One of the most rewarding experiences I had in this position was when COVID struck and we had clients all over the globe. From my condo in Downtown Montreal, I worked long hours assisting with bookings to get people back home before borders closed and flights were suspended.
It was a very stressful time both for me and for the clients, but I was relieved to receive emails from clients once they were back at home safely.
This position is my first that I was able to work entirely remotely. I’ve worked on planes, trains, and beaches, as well as in hotels, restaurants, airport lounges, and everywhere in between. As someone who loves to travel, having an internet connection and a laptop is all I need to sign in from anywhere in the world.
Travel Agent Industry Perks
I am often asked about the perks that come along with the job. Indeed, there are many, and I take advantage of them as often as possible.
For flights, there are industry-standard discounts with most airlines. This usually equates to around 75% off full-fare economy and full-fare business class flights. It doesn’t always amount to a deal, as, for example, a Standard or Flex fare with Air Canada is often cheaper than full-fare Latitude even after the discount. I tend to book flight on points anyway, so I haven’t made a lot of cash bookings.
Some airlines offer travel agents standby rates or heavily discounted flights. The standby rate is usually the cheapest, but you run the risk of not getting a seat if the flight is full. I regularly take advantage of these deals with Pacific Coastal Airlines to get from Vancouver Island to Vancouver to avoid taking a ferry.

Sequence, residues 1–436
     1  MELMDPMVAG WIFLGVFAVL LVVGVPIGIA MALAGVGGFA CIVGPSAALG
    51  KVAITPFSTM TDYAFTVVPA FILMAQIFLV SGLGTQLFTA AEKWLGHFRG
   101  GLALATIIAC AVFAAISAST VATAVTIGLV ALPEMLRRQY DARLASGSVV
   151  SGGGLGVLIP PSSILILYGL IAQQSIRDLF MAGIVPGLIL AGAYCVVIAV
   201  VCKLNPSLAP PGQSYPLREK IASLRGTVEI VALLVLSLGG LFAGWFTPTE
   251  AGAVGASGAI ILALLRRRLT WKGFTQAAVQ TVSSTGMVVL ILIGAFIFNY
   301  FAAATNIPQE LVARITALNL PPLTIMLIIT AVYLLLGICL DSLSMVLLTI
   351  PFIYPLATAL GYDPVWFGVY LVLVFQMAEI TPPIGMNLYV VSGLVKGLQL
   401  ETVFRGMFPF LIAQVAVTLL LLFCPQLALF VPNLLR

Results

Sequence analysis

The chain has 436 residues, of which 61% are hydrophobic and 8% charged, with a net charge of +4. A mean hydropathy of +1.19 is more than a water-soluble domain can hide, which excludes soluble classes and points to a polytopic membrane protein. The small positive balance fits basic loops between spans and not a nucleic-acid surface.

Similarly, there are discounts with other forms of transportation. My favourite is the AD75 program with Via Rail, in which you get 75% off of Via Rail tickets.
I used this as often as I could when I lived in Montreal and needed to get to Toronto for a weekend. I have long planned to use on a trans-Canadian route with a sleeper car, which I hope to accomplish this winter. Trains are my preferred form of ground transportation, and getting tickets at a heavily discounted rate is very satisfying.
Another industry perk that I often use is with hotels.
Most hotel chains and some independent hotels offer excellent rates for their industry partners. I suppose that offering these to travel agents may land them some extra business if the agents have a good experience and refer clients to them.
The Marriott “Fam-tastic” rate has been my go-to rate for when I’m not doing mattress runs to maintain Platinum status. The availability isn’t consistent, but it tends to pop up if you keep an eye on the availability for your dates.
For example, when Ricky and I went to Mardi Gras in New Orleans in February 2020, I booked a room using the Fam-tastic rate at the JW Marriott New Orleans for US$118/night. Regular rates for our dates were above US$400 per night, so I feel that we got an excellent deal.